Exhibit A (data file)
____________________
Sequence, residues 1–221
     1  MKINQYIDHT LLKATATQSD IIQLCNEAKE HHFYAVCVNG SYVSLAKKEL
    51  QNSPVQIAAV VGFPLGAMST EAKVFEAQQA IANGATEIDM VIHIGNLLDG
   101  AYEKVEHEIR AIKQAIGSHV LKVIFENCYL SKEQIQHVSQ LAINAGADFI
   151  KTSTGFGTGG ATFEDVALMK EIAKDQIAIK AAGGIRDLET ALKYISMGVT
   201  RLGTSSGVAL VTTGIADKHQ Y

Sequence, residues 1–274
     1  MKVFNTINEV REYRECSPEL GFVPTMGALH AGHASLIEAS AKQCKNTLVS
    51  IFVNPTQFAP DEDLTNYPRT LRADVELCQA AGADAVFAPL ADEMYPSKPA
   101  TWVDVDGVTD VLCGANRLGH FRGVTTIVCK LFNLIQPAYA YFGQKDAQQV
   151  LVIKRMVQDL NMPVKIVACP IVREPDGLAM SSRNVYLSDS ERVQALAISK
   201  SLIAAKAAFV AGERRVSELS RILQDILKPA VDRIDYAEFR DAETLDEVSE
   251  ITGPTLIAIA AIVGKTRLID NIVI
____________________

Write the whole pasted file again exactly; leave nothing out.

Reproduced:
Sequence, residues 1–221
     1  MKINQYIDHT LLKATATQSD IIQLCNEAKE HHFYAVCVNG SYVSLAKKEL
    51  QNSPVQIAAV VGFPLGAMST EAKVFEAQQA IANGATEIDM VIHIGNLLDG
   101  AYEKVEHEIR AIKQAIGSHV LKVIFENCYL SKEQIQHVSQ LAINAGADFI
   151  KTSTGFGTGG ATFEDVALMK EIAKDQIAIK AAGGIRDLET ALKYISMGVT
   201  RLGTSSGVAL VTTGIADKHQ Y

Sequence, residues 1–274
     1  MKVFNTINEV REYRECSPEL GFVPTMGALH AGHASLIEAS AKQCKNTLVS
    51  IFVNPTQFAP DEDLTNYPRT LRADVELCQA AGADAVFAPL ADEMYPSKPA
   101  TWVDVDGVTD VLCGANRLGH FRGVTTIVCK LFNLIQPAYA YFGQKDAQQV
   151  LVIKRMVQDL NMPVKIVACP IVREPDGLAM SSRNVYLSDS ERVQALAISK
   201  SLIAAKAAFV AGERRVSELS RILQDILKPA VDRIDYAEFR DAETLDEVSE
   251  ITGPTLIAIA AIVGKTRLID NIVI